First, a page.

RGS-IBG Annual International Conference 2015, Historical Geographies of Anarchism : situating struggles, studying environments, Exeter, 4 September 2015
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RGS-IBG Annual International Conference 2015 Geographies of the Anthropocene

Session Title : Historical Geographies of Anarchism : situating struggles, studying environments

Session sponsor : HGRG - Historical Geography Research Group

Session Abstract : In the last years, international geographical research has rediscovered anarchism, as witnessed by the 2012 special issues consecrated to it by the journals ACME and Antipode and by the recent flourishing of papers and conferences, in English and other languages, on historical anarchist geographers like Elisée Reclus and Pëtr Kropotkin.
Following the session Demanding the impossible : transgressing the frontiers of geography through anarchism held in the RGS-IBG 2013 International Conference, the present session aims to analyse the relation between geography and anarchism on the standpoints of historical geography and philosophy and history of geography. For this purpose, we address the following topics :
Putting Anarchism in its place : historical experiences of anarchist and anarcho-syndicalist political and social practices analysed within their places, environments, cultures and genders, in the frame of the studies on Geography and Revolution.
Networks and circulations of anarchist knowledge, with a special focus on the literature onTransnational Anarchism, which is reconstructing the international trajectories of anarchist militants between the 19th and the 20th century, stressing their relations with anti-colonialist movements and non-European cultures, like African, Arabic and East-Asian workers or indigenous movements in Latin America.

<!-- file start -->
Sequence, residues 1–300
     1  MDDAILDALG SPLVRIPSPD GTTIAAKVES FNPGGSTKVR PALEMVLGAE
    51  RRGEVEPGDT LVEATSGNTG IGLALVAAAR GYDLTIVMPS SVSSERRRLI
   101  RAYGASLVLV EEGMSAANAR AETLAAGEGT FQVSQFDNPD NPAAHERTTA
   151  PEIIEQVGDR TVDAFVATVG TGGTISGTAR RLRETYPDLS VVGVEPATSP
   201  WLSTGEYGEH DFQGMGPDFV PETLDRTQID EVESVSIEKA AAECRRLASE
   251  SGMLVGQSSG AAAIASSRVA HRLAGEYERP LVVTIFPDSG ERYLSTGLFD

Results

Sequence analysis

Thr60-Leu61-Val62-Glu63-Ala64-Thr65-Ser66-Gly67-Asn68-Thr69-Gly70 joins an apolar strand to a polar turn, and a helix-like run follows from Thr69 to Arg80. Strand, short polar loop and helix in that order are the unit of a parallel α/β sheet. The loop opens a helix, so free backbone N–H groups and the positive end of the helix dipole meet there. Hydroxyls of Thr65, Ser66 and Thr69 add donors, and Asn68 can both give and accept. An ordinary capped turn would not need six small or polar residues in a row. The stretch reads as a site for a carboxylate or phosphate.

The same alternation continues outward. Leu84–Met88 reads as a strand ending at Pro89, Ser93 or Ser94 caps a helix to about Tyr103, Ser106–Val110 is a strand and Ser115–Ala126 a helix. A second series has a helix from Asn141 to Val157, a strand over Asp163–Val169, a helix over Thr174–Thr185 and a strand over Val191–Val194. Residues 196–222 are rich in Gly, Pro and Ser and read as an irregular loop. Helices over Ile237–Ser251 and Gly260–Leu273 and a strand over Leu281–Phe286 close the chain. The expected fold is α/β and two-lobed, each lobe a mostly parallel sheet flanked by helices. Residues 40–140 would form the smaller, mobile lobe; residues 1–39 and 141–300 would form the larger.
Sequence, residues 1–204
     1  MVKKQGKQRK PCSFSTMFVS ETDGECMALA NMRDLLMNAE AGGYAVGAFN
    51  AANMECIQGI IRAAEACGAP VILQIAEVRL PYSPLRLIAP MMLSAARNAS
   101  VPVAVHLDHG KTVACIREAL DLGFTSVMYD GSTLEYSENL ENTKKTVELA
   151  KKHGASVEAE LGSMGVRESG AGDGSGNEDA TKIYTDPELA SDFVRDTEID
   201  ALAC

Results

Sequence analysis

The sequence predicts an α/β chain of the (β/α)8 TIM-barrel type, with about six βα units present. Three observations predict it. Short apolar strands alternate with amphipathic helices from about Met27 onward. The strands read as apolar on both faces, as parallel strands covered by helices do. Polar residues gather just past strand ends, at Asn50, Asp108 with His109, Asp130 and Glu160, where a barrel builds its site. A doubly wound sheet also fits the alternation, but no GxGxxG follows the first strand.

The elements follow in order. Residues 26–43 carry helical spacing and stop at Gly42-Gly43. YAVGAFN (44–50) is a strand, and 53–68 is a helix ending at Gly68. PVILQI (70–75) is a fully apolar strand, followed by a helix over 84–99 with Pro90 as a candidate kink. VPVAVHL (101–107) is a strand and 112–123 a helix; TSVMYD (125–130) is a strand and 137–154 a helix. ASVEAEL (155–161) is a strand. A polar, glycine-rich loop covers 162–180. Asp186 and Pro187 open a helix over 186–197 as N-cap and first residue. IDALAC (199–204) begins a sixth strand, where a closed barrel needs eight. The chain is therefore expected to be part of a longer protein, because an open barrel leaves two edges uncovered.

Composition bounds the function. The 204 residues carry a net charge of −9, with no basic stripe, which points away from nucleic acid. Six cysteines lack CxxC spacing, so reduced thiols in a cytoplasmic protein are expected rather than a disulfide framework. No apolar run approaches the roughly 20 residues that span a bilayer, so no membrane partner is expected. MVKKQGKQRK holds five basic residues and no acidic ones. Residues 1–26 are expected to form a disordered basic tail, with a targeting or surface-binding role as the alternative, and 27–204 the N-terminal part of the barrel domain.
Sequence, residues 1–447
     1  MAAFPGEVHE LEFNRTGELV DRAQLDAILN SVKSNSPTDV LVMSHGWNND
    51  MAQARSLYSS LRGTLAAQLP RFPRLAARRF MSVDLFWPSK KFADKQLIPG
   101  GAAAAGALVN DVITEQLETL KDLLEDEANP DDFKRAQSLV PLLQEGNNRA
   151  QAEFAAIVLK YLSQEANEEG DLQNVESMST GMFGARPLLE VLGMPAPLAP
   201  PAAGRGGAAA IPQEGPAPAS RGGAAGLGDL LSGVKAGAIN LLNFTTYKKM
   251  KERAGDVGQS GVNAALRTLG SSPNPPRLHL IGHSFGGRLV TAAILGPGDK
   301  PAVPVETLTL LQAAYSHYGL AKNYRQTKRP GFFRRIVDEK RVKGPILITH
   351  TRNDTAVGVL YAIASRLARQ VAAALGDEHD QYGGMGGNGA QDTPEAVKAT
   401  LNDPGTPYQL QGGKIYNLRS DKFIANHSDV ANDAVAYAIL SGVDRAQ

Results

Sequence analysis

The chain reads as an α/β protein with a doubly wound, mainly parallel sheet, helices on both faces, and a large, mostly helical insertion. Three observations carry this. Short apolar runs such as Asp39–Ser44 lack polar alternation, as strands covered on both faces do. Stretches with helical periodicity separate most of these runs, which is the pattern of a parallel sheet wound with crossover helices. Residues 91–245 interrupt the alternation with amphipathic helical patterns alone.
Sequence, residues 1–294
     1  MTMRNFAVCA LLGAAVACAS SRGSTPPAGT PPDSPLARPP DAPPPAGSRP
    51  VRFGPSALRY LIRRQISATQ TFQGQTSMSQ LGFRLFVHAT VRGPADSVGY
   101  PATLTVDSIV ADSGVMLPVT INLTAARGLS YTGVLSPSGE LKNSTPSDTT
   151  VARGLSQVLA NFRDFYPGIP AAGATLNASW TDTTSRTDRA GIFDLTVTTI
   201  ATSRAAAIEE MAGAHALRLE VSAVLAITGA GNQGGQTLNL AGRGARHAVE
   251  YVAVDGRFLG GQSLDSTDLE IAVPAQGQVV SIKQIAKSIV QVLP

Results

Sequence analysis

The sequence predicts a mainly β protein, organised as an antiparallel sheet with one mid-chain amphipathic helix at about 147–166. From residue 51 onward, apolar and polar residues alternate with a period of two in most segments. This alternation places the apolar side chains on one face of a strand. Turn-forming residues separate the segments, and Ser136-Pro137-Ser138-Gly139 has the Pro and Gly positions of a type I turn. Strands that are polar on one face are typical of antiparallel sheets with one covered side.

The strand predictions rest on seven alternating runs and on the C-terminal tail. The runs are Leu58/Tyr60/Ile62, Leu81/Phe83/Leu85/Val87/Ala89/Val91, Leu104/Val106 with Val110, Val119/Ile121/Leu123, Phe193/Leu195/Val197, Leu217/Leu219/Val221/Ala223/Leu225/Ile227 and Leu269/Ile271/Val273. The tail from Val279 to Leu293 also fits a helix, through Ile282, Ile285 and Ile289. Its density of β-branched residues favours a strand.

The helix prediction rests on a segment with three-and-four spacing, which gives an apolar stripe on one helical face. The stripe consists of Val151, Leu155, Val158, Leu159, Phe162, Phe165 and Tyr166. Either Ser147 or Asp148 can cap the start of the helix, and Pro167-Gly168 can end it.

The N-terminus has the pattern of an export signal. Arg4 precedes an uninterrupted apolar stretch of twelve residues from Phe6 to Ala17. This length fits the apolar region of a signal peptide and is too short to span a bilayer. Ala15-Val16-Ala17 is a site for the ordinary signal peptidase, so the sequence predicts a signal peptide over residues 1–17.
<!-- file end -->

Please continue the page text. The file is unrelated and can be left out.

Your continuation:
Anarchism and Environmental History. In their last works, respectively L’Homme et la Terre and La civilisation et les grands fleuves historiques, Élisée Reclus and Lev Mečnikov tried to build a world geo-history in which natural and human features were seen as parts of a general harmony, which only a radical social change could realize. These works, starting by prehistory, could be seen today as a tentative to give an anarchist vision of Anthropocene, and can be analysed considering their effectiveness on present problems of global resources, which Reclus and Mečnikov considered related both to environmental problems and socioeconomic inequalities. Their approaches could serve present debates on limits of growth, political and social ecology, mesology, spatial justice, cosmopolitanism and international brotherhood.
Social and natural sciences for human liberation. Together with Pëtr Kropotkin, Reclus and Mečnikov elaborated the well-known theory of Mutual Aid, participating in the debates on Evolutionism and contrasting the Social Darwinism of that time, by considering cooperation as a factor in evolution. This concept also contributed to the socialist critiques of Thomas Malthus. Problematizing these topics entails reflexions on the present coming back of Creationism, Malthusianism and physical Determinism.
Anarchism, urban history and the origins of regional planning. Reclus and Kropotkin dealt with urban history considering towns as the places where the idea of free association was build. Nevertheless, they participated in a critique of the industrial town, influencing concepts like the Patrick Geddes’s Regional Planning, the Ebenezer Howard’s Garden City and the Arturo Soria y Mata’s Linear City. All these authors deserve further research which is welcome.
Some presentations give also openings on these topics in relation to contemporary challenges.

Keywords:Anarchism ; Historical Geography ; Situated Knowledge ; Global History ; Environmental History